Courtesy Christian Lewis/Chris Walks The UK
“The more I got into the journey, the more people heard about it. And they started wanting to help us in different ways,” he says.
“People have been helping me and Jet with food and just offering their services in any way they can.
“It’s really lovely to see the kindness we’re receiving. I never expected any of this when I started it — I thought I was going to be living off bugs for the next two years.”
Rather than bugs, Lewis eats a lot of stews, vegetables as well as any shellfish or crab he can find.
“If I can, I’ll carry meat,” he adds. “People always ask me how heavy my backpack is. I have no idea, but it’s heavy.”
While Lewis had roughly estimated the challenge would take two years, it’s been a longer process than he originally anticipated.
“It’s taken me nearly two years to finish off all the [Scottish] islands, because they’re just so barren and hard work, especially during the winter,” he says.
“But Jet takes it all in her stride. We have got quite a unique relationship because we’re never apart from each other. She sleeps in my sleeping bag.”
But after walking every day for so long, is Lewis running out of momentum now he’s holed up on a deserted island? Far from it.
“Although I’m not walking or making progress on the coast, I’m not stopping the journey,” he stresses.
“As soon as this [the coronavirus pandemic] has passed and the UK has come out of lockdown I’ll get straight back to where I stopped, on the coast of mainland Shetland, and continue.
“It won’t be long until I’m back on the mainland and heading down to the east coast.”
Lewis is keeping active by setting himself new challenges as often as he can.
“I’m still going to walk,” he says. “Maybe I’ll walk around the island 15 times in a day.”
He also completes a “Rocky-style” training regime, that involves throwing rocks around, every now and then in order to work on neglected body parts.
“Doing the same movement every single day does start to take a toll,” he says. “I noticed I was slowing down, so I did it [the training routine] this morning.”
Like many of us, Lewis is also finding being forced to stay put for a while has meant he’s been able to do some of the things he’d never usually get around to, such as reading up on subjects he’s interested in, but had put to one side as he was too busy walking.
And while he’s spending this lockdown period many miles away from his hometown, Lewis says he feels encouraged by the way people are using their time during what is a very difficult period of time for much of the world.
“I see a real change in things,” he says, explaining he’s been keeping up to date with developments back in the UK via his social media feeds.
“People are putting videos of them doing stuff with their families, being creative. I’m seeing more musicians out there.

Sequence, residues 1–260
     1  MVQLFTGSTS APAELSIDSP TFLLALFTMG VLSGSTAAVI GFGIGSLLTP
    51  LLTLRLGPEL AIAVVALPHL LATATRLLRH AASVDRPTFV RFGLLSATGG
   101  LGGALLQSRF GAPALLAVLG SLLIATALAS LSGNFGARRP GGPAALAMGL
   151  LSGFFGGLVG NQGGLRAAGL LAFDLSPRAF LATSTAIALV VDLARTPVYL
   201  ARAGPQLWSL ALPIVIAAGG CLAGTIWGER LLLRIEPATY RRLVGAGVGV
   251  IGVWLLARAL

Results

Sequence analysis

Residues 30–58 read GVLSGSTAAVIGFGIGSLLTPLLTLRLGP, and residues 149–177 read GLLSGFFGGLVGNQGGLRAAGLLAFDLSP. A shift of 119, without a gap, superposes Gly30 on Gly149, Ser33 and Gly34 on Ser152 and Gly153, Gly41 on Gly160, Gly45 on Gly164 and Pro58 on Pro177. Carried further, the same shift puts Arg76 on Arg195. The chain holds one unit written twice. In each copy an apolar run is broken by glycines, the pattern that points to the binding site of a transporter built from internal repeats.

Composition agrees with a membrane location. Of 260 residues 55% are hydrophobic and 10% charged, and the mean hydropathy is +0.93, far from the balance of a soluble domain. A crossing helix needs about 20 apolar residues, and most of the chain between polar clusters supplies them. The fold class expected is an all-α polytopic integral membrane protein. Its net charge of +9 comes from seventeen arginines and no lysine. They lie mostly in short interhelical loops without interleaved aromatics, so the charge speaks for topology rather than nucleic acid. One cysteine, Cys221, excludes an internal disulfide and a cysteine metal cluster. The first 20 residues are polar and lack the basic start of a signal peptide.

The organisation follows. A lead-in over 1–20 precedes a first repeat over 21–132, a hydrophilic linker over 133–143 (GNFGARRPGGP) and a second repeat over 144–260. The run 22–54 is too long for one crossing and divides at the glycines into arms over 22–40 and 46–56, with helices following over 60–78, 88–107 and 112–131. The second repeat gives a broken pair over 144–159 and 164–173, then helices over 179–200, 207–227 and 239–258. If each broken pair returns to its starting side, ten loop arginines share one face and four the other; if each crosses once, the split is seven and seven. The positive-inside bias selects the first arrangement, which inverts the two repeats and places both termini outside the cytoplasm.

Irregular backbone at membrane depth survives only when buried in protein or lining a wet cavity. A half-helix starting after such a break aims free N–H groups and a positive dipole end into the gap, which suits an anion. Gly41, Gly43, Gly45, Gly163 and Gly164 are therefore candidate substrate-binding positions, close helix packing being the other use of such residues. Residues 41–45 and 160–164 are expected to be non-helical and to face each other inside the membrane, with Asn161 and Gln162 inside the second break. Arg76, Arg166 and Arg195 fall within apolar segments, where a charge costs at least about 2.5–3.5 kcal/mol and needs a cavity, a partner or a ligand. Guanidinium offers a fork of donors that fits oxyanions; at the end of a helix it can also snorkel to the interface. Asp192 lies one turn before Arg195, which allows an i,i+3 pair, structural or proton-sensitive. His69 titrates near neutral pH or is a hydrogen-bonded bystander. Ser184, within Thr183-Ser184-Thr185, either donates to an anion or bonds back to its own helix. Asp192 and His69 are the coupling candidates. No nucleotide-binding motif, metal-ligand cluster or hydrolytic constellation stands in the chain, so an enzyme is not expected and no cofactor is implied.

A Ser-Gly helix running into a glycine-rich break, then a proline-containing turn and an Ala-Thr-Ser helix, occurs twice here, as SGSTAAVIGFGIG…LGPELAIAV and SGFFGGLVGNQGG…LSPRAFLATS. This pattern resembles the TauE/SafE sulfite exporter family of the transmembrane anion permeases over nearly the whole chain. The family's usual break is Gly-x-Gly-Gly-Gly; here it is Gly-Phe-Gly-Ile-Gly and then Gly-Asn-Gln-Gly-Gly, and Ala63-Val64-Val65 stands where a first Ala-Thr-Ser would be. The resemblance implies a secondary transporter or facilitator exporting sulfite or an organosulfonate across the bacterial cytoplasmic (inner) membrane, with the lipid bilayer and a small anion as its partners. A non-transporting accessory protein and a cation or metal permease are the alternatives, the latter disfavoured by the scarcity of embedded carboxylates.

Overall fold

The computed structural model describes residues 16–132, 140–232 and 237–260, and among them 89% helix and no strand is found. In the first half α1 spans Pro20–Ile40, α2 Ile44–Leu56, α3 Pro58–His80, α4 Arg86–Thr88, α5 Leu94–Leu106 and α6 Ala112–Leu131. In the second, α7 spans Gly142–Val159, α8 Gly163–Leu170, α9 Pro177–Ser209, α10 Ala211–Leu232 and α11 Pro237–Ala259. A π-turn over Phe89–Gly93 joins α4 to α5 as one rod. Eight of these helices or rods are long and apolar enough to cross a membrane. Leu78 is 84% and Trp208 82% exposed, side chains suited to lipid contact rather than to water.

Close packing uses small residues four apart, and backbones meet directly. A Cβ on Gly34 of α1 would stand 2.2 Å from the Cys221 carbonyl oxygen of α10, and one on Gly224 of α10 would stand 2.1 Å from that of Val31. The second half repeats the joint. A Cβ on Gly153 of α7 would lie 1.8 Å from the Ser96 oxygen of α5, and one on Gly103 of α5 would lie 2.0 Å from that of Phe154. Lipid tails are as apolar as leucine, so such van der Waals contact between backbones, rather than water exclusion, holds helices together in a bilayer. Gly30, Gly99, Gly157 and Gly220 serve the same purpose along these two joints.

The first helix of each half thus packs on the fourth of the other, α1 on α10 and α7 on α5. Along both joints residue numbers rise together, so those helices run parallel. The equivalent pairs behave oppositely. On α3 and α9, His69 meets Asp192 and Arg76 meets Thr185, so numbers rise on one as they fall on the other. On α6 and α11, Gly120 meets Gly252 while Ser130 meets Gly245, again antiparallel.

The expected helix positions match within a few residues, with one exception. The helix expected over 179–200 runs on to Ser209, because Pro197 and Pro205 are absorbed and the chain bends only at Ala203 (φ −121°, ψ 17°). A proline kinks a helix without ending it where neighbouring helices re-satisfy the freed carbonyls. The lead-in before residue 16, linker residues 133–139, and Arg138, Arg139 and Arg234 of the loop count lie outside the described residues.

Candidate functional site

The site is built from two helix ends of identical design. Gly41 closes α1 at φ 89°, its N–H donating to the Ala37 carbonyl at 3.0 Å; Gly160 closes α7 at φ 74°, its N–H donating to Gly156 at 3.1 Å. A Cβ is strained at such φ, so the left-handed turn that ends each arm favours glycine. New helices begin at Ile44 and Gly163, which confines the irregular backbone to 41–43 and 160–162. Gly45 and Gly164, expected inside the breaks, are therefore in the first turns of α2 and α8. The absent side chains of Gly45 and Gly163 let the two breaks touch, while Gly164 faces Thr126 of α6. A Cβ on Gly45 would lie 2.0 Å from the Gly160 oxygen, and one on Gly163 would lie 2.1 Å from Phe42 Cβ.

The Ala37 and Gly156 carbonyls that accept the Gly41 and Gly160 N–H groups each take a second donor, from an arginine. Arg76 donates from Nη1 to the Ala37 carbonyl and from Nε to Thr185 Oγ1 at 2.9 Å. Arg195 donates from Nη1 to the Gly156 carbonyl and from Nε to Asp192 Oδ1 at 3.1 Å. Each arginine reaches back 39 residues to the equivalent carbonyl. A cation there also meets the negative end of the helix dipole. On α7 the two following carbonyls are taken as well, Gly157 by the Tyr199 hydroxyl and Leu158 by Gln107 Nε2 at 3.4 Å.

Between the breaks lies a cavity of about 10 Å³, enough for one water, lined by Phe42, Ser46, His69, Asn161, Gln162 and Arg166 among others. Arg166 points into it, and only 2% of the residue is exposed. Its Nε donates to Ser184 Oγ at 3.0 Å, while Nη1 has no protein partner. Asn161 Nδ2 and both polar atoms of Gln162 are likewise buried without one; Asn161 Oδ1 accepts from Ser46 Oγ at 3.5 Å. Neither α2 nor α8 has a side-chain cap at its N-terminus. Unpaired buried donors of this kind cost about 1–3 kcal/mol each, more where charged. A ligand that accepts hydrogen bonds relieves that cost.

“And I think the good side of this that’s coming out is that people are actually coming together. And that’s beautiful, isn’t it — that’s just lush.”
Of course, Lewis is well-practiced in self-isolation, and attests that separating himself from the daily stresses of the modern world has completely turned his life around.
“I think isolating yourself from that kind of thing can really help your mental health,” he adds.
“It certainly helped my life. It’s one thing to be doing it in the house, but me and Jet have been doing this for quite a long time now.”
While his time in Scotland has proved grueling, he’s enjoying it immensely, benefiting greatly from the destination’s access legislation, which makes it possible to camp almost anywhere.
“Pitching my tent in some of the places that I have. At times it really does feel like there’s not been many humans around for a very long time,” he says.
“There’s something very spiritual about it. I’ve learned a lot about myself from camping around the UK.
“It’s very epic, in many, many proportions.”
While he admits he misses his family, particularly his daughter Caitlin, who had left for college when he began his trip, Lewis has never been tempted to give up and go home.
“I get visits from my family every now and then and my daughter will come up and see me. So that’s all I need,” he says.
For the moment, Lewis has no choice but to stay in Hildasay, and says he’s enjoying every minute of it, despite the fact the winds are pretty brutal and in the last weeks of winter it was dark by around 3 p.m. every day.
“I don’t know when I can continue the journey,” he admits. “I think it will be about another year and a half before I finish, but who knows?
“So I’m going to sit on this island and learn more stuff. And I’ll keep posting, because I know it makes other people smile.”